Thursday, October 29, 2020

I’m Ben Levene, originally from London, and I’ve been a real estate broker for the last 10 years in Israel. Over this time, and especially now, I have received many questions from English speakers who are interested in purchasing Israeli real estate—they often ask about purchasing from abroad, changes to foreign tax laws, understanding changing demand in various neighborhoods and financing. In light of the recent boom in demand, I have begun a series of articles to answer your most burning questions.

If you have wondered why the Anglo property market in Israel is so disproportionately expensive, you are not alone. Prices in the Jerusalem’s ‘Anglo bubbles’ of Rehavia, Baka, Nachlaot, the German Colony, Katamon, etc., as well as in other Anglo-forward areas around the country such as Ra’anana and the neighborhoods near the beach in Tel Aviv, are quite high—at least 20 % more expensive than the nearby non-Anglo areas.


The explanation is simple—there is much more demand than supply in these areas. Say you’re reading this article right now, looking for a three-bedroom home with a balcony, parking and a Shabbat elevator. Chances are that there are 50 other readers looking for the exact same thing. With only five to 10 available apartments relevant to these 51 people, as long as these five to 10 apartments do not cost significantly more than they should, they will most likely sell without needing to decrease in price.

While Anglos often gather in specific neighborhoods to be close to Anglo shuls (such as Nitzanim in Baka, Shir Chadash bordering the German Colony and Talbiya, or Ramban, in Katamon) or to enjoy the familiarity of an English-speaking community, the market is not only reliant on Americans and Anglos coming from abroad—there is a strong local market in these areas as well.

The starting point for two-to-three-bedroom apartments in Anglo areas are already pricey, and even the less expensive neighborhoods next door are only slightly less expensive. Additionally, as time goes on, such nearby areas that are considered more fringe are becoming quickly gentrified.

But as buyers would prefer not to speculate on the gentrification of an area, instead seeking a safer investment, Anglos tend not to seek these more price-effective neighborhoods near the Anglo areas, despite the great likelihood that their value will double in price over 10 years. Real estate in Arnona, for example, was recently 15 to 20 % cheaper than neighboring Baka, but is already becoming more expensive.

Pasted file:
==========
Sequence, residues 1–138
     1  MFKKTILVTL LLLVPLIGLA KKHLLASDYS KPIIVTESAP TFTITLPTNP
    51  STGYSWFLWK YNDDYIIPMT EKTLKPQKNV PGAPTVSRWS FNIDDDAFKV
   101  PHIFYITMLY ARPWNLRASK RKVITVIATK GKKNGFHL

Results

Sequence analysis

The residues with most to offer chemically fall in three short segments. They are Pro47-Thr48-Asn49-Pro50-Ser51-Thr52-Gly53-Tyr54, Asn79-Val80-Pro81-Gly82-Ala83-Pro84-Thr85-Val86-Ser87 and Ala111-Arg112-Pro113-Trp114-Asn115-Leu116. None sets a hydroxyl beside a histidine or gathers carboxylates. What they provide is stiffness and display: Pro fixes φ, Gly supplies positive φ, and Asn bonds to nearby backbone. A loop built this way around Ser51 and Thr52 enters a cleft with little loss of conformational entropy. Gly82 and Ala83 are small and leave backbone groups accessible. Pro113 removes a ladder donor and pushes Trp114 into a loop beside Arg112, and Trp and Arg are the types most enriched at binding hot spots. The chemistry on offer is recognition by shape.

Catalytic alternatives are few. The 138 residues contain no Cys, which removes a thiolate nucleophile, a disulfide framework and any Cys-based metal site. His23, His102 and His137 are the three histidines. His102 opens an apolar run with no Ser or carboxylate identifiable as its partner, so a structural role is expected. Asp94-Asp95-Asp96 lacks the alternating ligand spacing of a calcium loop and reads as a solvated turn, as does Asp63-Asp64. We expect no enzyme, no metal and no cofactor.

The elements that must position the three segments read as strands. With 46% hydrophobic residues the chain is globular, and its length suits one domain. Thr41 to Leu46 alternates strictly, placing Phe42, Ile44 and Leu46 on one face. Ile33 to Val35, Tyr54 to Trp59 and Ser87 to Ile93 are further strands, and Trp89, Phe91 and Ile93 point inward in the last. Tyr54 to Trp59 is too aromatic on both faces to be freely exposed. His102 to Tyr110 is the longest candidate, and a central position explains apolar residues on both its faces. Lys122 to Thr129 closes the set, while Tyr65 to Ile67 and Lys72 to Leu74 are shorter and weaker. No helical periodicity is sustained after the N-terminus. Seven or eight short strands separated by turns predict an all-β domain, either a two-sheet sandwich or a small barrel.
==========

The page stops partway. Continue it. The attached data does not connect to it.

Even in our current, uncertain situation during the time of coronavirus, the local Anglo market has yet to reflect drastic price drops.

Part of the reason that the market has held up so well may also be due to Israel’s strict banking laws that prevent extensive borrowing. Comparing Israel’s banking laws to that of the United States, Israel’s more controlled bank regulations have created a safety net for the country’s real estate market, keeping the industry strong and prices high. If getting a loan on a large percentage of a mortgage were permissible and prices were to drop, homeowners might need to rush to sell to cover their mortgages, driving down the prices.

The stability of the market is unsurprising to me, and I imagine that demand and prices will remain high. During intifadas and other world events that fostered uncertainty in the past, while I witnessed a slowing of transactions in the Anglo real estate market, I witnessed no subsequent decrease in prices. Competition and demand make the market move, and both have stayed relatively constant during this time.

To submit a question for Ben, email Be[email protected].